[ISN] Thoughts on USG Candor to China on Cyber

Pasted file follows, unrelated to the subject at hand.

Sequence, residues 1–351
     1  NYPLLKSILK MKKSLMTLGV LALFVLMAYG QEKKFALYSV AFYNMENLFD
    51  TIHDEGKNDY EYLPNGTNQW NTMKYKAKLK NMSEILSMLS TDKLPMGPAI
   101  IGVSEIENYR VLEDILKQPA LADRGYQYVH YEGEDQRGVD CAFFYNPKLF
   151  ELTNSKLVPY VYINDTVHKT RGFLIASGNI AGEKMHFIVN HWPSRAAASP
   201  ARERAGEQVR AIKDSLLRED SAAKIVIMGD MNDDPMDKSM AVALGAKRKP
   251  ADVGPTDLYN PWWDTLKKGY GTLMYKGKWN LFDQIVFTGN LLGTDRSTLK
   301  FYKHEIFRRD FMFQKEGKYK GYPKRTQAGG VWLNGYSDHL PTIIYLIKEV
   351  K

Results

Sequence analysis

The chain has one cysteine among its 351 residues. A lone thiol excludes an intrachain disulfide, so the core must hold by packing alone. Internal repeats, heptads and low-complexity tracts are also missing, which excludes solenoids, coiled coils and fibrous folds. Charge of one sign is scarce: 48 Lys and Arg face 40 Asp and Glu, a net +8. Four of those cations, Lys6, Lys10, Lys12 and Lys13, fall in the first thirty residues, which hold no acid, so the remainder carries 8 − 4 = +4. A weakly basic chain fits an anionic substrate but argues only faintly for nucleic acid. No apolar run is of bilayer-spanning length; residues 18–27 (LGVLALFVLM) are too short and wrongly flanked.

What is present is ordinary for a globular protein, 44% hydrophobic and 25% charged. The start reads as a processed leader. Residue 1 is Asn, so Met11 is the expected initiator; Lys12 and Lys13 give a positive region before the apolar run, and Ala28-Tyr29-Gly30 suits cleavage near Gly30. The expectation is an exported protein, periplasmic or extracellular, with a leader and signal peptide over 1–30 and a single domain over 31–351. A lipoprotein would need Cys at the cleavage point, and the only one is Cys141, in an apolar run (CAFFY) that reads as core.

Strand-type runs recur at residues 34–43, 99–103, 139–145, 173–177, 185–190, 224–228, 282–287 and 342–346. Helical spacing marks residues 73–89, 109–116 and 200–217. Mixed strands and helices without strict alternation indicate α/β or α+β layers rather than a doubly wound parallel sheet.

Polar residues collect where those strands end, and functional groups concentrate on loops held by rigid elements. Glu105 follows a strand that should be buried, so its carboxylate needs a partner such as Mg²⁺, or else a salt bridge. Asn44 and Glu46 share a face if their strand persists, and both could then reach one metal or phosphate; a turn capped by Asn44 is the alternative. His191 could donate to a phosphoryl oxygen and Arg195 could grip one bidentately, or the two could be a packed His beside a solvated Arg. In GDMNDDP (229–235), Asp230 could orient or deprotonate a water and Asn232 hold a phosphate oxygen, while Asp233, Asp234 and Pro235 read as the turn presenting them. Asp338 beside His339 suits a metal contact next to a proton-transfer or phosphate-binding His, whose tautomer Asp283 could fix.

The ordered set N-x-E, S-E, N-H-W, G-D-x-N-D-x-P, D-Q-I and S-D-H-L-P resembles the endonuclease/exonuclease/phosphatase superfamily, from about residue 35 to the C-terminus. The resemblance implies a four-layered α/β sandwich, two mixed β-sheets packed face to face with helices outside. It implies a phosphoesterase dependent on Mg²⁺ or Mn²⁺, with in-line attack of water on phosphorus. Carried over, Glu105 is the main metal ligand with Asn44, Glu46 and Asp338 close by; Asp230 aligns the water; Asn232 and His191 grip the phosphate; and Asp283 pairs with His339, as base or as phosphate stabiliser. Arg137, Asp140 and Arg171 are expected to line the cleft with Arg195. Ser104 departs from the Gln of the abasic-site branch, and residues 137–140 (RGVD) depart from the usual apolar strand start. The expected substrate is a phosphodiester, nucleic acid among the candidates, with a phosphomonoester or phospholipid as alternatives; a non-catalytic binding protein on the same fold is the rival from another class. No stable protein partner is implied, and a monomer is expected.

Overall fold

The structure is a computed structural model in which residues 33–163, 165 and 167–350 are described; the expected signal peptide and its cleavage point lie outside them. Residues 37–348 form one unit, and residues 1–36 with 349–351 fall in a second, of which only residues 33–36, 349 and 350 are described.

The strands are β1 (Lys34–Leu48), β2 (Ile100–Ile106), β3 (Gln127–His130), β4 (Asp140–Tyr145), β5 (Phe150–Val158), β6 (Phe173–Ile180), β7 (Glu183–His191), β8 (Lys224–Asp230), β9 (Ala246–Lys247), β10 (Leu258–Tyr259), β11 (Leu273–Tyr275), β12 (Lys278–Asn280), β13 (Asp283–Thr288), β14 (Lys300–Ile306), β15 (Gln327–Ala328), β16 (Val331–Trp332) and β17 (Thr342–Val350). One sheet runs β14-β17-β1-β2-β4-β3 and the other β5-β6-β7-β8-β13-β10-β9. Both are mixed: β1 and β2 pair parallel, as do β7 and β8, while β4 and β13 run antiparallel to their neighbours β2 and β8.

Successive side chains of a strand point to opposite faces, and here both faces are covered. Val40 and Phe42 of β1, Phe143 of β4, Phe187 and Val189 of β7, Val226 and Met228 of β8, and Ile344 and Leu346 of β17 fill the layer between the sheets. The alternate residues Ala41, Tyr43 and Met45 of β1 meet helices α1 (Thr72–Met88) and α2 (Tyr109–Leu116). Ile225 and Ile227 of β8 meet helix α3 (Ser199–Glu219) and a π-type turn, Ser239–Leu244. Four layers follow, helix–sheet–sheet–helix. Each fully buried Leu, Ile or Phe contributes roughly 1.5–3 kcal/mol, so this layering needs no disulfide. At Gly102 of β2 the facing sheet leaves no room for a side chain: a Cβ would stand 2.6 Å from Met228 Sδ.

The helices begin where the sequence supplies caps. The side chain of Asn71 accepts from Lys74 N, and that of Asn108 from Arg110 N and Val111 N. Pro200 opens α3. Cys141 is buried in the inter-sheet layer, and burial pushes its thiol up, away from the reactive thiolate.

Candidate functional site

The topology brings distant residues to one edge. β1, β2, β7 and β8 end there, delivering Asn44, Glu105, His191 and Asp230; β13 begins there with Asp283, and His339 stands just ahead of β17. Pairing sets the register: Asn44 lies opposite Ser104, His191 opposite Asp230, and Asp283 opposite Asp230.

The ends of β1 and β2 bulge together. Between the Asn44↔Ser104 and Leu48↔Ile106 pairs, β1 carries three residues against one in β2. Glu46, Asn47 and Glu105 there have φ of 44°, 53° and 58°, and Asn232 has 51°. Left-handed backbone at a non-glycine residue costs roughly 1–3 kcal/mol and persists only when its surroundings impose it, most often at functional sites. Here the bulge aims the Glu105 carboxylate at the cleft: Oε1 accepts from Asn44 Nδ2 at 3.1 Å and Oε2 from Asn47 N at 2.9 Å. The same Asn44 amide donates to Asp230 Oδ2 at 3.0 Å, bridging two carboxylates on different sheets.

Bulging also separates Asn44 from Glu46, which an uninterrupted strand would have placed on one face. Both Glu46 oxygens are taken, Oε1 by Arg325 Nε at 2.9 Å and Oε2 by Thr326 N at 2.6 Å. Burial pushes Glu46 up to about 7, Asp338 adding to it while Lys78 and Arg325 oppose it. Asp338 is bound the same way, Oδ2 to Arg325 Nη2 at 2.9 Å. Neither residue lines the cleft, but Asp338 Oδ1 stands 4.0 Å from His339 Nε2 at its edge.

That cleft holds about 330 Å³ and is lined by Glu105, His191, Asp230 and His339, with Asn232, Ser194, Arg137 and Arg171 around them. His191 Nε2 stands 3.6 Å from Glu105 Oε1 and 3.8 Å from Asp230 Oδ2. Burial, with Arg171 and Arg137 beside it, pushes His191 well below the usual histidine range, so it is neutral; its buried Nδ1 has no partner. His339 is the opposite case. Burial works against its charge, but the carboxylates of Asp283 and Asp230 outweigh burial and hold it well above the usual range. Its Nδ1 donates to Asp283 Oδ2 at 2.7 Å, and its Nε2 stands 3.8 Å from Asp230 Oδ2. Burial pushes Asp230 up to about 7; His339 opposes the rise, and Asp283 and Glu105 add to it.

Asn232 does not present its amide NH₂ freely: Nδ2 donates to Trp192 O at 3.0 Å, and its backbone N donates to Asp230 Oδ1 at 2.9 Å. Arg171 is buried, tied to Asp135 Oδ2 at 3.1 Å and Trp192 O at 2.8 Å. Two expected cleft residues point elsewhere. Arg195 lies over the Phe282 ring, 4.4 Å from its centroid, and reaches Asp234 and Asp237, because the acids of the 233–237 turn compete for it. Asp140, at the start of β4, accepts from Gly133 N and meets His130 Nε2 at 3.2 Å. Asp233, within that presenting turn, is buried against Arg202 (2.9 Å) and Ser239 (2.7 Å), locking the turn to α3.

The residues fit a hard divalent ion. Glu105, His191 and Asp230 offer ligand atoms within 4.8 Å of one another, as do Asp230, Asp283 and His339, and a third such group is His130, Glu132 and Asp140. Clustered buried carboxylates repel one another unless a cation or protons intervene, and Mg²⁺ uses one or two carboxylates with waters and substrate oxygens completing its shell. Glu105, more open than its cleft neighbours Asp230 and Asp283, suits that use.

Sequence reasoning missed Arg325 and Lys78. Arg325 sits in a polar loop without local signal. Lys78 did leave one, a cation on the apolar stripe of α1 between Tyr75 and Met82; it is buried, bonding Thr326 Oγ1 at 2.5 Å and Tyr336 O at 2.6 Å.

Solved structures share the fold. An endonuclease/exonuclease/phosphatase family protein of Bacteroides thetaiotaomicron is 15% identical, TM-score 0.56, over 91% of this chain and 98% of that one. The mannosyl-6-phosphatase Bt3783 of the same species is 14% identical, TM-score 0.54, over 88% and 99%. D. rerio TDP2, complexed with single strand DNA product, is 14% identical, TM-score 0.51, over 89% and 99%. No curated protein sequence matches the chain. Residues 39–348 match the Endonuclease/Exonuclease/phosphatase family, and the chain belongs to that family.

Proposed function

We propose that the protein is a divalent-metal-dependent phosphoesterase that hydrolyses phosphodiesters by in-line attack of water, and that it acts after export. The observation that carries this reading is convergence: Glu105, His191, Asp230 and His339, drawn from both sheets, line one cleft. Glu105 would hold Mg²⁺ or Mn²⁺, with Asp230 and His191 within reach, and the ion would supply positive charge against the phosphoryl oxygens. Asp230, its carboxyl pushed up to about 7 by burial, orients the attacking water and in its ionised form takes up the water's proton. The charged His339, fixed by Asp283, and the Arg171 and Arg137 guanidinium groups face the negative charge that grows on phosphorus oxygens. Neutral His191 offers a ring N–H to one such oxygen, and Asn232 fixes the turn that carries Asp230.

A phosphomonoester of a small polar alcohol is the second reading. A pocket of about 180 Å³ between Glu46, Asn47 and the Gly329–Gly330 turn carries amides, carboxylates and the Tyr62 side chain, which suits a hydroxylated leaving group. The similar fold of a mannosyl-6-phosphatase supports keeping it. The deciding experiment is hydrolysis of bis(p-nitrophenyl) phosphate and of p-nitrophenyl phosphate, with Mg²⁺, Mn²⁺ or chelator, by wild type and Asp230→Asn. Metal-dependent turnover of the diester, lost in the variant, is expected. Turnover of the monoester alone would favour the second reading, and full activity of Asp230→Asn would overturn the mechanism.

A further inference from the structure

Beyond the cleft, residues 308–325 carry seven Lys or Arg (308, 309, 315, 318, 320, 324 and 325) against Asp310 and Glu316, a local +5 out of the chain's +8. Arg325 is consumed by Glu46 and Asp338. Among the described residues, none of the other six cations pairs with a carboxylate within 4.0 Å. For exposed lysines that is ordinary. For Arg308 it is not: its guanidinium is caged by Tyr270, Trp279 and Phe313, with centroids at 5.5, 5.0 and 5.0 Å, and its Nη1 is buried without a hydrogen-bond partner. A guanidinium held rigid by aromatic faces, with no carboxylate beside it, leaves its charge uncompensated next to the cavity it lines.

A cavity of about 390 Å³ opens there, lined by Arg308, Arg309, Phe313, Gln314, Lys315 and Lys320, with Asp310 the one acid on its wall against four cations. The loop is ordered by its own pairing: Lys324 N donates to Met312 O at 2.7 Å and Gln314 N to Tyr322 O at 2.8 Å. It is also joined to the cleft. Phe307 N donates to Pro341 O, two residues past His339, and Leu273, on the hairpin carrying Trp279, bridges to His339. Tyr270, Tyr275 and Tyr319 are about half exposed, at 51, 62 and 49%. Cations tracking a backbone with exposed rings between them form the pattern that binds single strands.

http://www.lawfareblog.com/2014/04/thoughts-on-usg-candor-to-china-on-cyber/ By Jack Goldsmith lawfareblog.com April 8, 2014 Paul is skeptical about the USG’s unilateral briefing to Chinese officials on some of its cyber operations and doctrines that David Sanger discloses in the NYT. He argues that China is unlikely to reciprocate, he doubts the usefulness of the unilateral disclosure, and he wonders why the USG does not share the information with the American public. I think the matter is more complex. First, it may be (as I have long argued) that greater candor by the USG vis a vis China is a necessary precondition to genuine progress on the development of norms for cyberoperations – both exploitation and attack. Unless we can credibly convey what we are doing and what we might do (and not do) in certain cyber situations, our adversaries will assume the worst and (a) invest in their own cyber programs to keep up – a classic arms race situation, and/or (b) interpret particular cyberoperations in a risk-averse fashion, in their least charitable light, which might induce unwarranted escalation in those contexts. Our adversaries will rationally assume the worst because, despite USG claims about its responsible use of cyber exploitations and attacks, the news is filled with reports about prodigious USG cyber-operations and aggressive plans in this realm. Indeed, as Sanger notes: “The Pentagon plans to spend $26 billion on cybertechnology over the next five years — much of it for defense of the military’s networks, but billions for developing offensive weapons — and that sum does not include budgets for the intelligence community’s efforts in more covert operations. It is one of the few areas, along with drones and Special Operations forces, that are getting more investment at a time of overall Pentagon cutbacks.” Second, Paul is right to be skeptical about reciprocity by China. But it sounds like the United States didn’t give up much new information on U.S. doctrine for the use of cyberweapons. (Sanger states that “elements of the doctrine can be pieced together from statements by senior officials and a dense “Presidential Decision Directive” on such activities signed by Mr. Obama in 2012.”) More importantly, the United States can in theory benefit from unilateral disclosure of doctrine and weapons capabilities even if China doesn’t reciprocate, for the unilateral disclosure might assist China in interpreting, and not misinterpreting, USG actions in the cyber realm – all to the USG’s advantage. As Sanger says, “American officials say their latest initiatives were inspired by Cold-War-era exchanges held with the Soviets so that each side understood the “red lines” for employing nuclear weapons against each other.” In theory, unilateral information disclosure to China about the nature of USG cyberoperations can help China interpret USG actions properly, and can thereby help tamp down on the possibility of mistaken escalation by China; and the USG might also in this manner help China to see the benefits to itself in disclosure to the USG. […]




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